Writers in the Storm

A blog about writing

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October 11, 2013

Trust The Process: Literary Executors, Part 2

By Susan Spann

Last month, my guest blog here at Writers in the Storm looked at some of the duties a literary executor performs [But What Does a Literary Trustee DO? (Part 1)] in the course of his or her duties. Today, we’ll finish up with a look at the executor (or trustee)’s other duties: long-term estate administration, distribution to beneficiaries and heirs, and resolution of estate-based conflicts.

Remember, we’re looking only at functions of a literary executor or trustee – a general executor (or trustee) will have additional duties (again, consult an attorney to find out more). Also, these functions are common to both executors and trustees, so although there are some differences between them, each will have to perform these duties: trustees when there’s a trust involved and executors when they’re acting on behalf of an author’s probated or non-probated estate.


Once the estate is opened or the author’s trust is being administered by the successor Trustee named to act after the author’s death, and after the assets have been collected and a preliminary accounting accomplished, the executor or trustee will need to create a plan of distribution outlining when, and how, each of the author’s literary and intellectual property assets will be managed and, as appropriate, distributed to the beneficiaries named in the author’s will or trust.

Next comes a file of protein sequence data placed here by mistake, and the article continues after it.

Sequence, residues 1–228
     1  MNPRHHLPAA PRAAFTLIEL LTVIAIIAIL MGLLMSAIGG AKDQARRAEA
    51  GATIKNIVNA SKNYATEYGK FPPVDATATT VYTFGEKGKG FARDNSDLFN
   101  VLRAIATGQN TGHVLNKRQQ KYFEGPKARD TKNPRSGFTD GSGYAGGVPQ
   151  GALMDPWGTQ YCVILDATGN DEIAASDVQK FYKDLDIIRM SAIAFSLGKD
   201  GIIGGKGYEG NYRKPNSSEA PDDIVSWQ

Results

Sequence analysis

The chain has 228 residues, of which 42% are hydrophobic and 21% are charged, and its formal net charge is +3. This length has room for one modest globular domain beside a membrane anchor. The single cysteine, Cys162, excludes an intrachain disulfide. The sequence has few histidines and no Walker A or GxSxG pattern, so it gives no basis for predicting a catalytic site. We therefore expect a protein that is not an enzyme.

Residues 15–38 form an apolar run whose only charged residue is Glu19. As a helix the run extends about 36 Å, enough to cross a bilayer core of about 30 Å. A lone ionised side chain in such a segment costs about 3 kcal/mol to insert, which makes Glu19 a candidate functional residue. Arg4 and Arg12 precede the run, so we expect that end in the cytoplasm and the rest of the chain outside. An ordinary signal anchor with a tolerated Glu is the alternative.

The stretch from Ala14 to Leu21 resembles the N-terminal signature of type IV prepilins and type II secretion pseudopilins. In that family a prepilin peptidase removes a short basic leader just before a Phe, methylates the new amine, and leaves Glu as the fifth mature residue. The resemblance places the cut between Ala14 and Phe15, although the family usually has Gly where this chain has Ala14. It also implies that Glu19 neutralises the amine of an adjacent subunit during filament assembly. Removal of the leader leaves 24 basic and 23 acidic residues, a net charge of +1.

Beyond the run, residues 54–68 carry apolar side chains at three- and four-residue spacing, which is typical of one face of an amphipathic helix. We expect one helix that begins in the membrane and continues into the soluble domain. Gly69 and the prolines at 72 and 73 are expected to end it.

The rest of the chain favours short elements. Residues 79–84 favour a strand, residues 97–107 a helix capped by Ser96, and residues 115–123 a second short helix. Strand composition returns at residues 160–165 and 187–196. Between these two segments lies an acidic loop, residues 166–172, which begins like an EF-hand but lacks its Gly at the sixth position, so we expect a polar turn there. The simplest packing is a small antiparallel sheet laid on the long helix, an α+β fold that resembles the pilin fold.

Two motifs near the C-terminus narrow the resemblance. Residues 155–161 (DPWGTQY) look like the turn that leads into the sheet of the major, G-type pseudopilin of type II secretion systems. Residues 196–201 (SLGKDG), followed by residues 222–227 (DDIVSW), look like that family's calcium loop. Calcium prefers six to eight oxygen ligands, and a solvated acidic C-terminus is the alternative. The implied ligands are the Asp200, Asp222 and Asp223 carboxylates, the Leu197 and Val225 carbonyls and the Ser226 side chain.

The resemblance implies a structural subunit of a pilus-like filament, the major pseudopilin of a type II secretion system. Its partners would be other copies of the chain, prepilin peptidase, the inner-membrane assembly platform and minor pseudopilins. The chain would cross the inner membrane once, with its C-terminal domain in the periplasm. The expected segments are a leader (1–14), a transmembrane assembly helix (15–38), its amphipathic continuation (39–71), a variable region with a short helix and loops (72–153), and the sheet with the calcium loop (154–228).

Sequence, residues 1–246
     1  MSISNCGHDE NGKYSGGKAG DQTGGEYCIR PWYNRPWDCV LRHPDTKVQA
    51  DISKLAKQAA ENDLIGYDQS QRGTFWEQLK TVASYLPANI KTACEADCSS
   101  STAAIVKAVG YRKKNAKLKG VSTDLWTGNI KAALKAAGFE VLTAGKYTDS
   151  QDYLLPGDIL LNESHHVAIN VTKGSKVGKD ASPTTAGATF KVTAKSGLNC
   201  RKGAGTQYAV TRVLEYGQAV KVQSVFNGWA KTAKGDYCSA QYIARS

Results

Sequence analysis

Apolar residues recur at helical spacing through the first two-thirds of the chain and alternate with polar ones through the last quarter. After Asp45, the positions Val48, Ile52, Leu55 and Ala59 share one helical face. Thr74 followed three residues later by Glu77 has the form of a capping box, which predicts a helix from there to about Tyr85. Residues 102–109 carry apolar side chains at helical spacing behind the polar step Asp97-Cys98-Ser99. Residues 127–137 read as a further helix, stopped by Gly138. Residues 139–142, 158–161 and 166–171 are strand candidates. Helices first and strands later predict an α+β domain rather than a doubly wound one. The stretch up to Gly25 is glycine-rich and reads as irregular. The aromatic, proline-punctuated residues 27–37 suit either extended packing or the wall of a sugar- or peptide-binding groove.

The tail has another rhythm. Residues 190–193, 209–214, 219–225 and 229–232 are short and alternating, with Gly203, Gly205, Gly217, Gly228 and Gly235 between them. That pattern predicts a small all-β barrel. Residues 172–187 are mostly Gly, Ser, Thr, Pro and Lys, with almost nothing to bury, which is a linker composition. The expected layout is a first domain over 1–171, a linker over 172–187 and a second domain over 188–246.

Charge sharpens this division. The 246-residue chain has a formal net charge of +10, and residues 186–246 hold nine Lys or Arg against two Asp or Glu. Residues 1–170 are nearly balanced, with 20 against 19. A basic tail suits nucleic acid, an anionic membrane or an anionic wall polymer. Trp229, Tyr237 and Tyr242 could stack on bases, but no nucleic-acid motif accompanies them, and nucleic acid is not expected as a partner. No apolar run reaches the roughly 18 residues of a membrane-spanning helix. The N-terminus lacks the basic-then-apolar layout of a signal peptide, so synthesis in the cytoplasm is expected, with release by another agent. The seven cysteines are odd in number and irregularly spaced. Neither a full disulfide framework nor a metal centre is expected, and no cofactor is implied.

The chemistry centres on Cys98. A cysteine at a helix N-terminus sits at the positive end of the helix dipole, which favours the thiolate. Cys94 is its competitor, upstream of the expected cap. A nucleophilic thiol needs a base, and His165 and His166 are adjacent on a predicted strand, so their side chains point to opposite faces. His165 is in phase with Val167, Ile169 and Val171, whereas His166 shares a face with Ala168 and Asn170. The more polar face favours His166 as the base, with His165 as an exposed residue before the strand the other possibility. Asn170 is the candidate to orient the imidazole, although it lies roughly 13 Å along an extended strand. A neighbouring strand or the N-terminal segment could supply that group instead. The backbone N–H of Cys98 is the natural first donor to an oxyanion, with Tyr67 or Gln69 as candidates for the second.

In the case of a simple will or trust, the assets are usually distributed fairly quickly so no long-term administration is required.

When the author’s estate plan includes “life estates” (a situation where one person receives the income from an asset for his or her life and someone else receives either the income or ownership of the asset after the “life tenant” dies) or long-term instructions, however, the trustee or executor will need to manage some or all of the assets for an extended period of time. In most states, this means the executor will need to produce regular accountings of the trust assets and reports or other informational statements to tell the beneficiaries about the financial status of the trust (or estate). This usually requires the help of an attorney, and often also an accountant familiar with trust and estate accountings.

Seem confusing? It can be.

Before creating long, complex estate plans, be sure to consider these issues:

1.         Your named executor or trustee will need the business skills to handle long-term management and accounting of your literary assets.

2.         Long term estate or trust administration usually requires the help of an attorney and an accountant, so make sure your estate generates enough income to cover those costs as well as providing income for your beneficiaries.

3.         Most of the time, heirs do better with simple plans that avoid the costs and complexities of long-term estate administration.


When the will or trust contains instructions for assets to be distributed directly to heirs or beneficiaries, the executor or trustee will follow a three-step process:

1.         Create a distribution plan showing how the individual assets will be distributed or transferred to the named beneficiaries. If necessary, the executor or trustee will have this plan approved by a court, though most trusts don’t require court supervision.

2.         Distribute the assets to the beneficiaries (after court approval, if required) and obtain signed receipts from each beneficiary acknowledging receipt of the proper assets.